The Substitutability of Recreational Substances: Marijuana, Alcohol, and Tobacco
45 Pages Posted: 25 Mar 2018 Last revised: 10 Apr 2018
Date Written: March 24, 2018
Proponents of the legalization of recreational marijuana have argued that the policy would result in increased tax revenues for states. However, if legal substances are highly substitutable, tax revenues from marijuana may crowd out pre-existing revenues. We study the interaction between the marijuana, alcohol, and tobacco industries in Washington state using a combination of detailed administrative data on the marijuana industry and scanner data on alcohol and tobacco sales. We estimate a demand system and find that alcohol and marijuana are substitutes, with the legalization of marijuana in isolation leading to a 12% decrease in alcohol demand, and a marginal cross price elasticity of demand of .16. Marijuana legalization results in a 20% decrease in tobacco demand, but the marginal relationship is unclear. When prices are held fixed, 50% of marijuana tax revenue comes from cannibalizing alcohol and tobacco taxes. When those industries adjust their prices, only 22% of marijuana tax revenue comes from alcohol and tobacco. Though Washington has the highest marijuana tax rate in the country, a 1% increase in the marijuana tax results in a 1.01% increase in total revenues collected by the state.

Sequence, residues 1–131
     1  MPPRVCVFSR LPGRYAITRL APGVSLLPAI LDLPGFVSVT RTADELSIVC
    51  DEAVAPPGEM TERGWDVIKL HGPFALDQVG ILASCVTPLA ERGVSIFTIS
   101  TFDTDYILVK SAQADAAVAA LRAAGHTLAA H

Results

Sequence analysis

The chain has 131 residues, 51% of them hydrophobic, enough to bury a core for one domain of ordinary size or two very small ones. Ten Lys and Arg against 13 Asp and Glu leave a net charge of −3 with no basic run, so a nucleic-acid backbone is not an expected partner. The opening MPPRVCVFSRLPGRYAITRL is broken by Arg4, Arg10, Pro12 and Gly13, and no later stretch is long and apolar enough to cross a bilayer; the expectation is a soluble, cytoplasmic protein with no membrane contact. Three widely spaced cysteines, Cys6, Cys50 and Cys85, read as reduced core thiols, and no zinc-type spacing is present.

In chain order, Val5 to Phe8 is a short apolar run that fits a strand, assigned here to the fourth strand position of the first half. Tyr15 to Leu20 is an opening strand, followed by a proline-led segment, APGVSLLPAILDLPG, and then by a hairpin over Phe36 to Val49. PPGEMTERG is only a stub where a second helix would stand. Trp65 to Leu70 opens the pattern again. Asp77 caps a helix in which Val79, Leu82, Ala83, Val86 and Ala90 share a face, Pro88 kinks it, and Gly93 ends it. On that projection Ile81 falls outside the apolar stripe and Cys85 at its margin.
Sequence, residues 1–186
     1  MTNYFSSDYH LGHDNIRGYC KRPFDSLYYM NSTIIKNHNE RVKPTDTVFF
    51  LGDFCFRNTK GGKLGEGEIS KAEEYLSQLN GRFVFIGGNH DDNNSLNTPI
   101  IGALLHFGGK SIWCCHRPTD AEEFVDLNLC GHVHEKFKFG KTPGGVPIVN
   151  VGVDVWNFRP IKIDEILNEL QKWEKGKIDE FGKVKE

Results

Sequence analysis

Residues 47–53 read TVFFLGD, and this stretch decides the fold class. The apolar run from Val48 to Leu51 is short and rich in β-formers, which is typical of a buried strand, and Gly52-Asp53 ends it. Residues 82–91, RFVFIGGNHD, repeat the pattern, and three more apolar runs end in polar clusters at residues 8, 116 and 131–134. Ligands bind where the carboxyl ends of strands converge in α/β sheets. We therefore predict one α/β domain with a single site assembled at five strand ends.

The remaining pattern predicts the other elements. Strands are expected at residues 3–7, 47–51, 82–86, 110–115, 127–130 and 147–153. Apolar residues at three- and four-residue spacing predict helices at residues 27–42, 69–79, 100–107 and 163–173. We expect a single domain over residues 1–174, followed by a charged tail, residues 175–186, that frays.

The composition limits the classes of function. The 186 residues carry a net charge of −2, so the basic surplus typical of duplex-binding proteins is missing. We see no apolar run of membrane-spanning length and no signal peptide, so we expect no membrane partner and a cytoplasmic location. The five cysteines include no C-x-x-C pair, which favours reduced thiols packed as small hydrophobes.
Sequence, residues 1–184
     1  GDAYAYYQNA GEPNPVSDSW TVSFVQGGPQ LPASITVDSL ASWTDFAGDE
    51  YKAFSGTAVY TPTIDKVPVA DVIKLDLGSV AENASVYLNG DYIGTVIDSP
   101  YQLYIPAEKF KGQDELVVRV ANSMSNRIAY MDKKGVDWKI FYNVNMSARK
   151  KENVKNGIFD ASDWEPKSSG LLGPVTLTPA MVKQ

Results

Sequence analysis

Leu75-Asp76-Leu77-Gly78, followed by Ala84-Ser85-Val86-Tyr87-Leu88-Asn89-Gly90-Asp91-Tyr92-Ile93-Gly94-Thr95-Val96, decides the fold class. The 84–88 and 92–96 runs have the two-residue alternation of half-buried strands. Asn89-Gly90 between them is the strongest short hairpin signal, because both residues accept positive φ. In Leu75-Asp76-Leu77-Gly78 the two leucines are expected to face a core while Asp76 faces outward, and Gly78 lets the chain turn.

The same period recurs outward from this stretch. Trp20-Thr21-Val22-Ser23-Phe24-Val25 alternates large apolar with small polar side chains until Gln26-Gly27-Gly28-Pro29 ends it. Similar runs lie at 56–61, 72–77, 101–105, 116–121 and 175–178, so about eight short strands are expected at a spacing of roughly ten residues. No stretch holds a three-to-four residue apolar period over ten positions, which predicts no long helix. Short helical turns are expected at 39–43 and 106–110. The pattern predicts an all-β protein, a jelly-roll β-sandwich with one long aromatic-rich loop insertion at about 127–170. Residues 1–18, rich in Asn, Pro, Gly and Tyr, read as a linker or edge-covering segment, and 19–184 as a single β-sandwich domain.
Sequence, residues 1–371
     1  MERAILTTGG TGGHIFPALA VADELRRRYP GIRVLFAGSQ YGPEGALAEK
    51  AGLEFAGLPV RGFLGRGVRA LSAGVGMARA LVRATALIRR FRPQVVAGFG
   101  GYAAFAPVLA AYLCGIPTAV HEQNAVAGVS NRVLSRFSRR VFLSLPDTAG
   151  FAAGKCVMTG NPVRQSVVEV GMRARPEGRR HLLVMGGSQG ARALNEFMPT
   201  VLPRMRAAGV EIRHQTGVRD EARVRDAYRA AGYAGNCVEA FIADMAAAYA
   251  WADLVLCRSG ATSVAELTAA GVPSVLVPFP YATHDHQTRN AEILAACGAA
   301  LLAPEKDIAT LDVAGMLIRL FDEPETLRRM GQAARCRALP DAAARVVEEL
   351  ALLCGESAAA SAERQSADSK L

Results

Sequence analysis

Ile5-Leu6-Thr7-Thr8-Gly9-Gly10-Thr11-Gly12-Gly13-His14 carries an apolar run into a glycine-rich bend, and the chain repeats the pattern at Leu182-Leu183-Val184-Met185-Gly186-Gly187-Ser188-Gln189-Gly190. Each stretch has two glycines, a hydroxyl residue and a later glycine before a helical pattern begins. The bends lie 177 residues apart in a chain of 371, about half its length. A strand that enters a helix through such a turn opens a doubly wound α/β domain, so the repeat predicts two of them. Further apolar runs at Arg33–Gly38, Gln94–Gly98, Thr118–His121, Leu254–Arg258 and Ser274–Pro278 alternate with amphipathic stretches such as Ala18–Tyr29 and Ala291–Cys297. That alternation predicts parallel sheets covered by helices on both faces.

Keywords: Marijuana, Recreational Substances, Substitution, Demand Estimation, Taxation, Industrial Organization
JEL Classification: H20, L65, L66, L00
Suggested Citation: Suggested Citation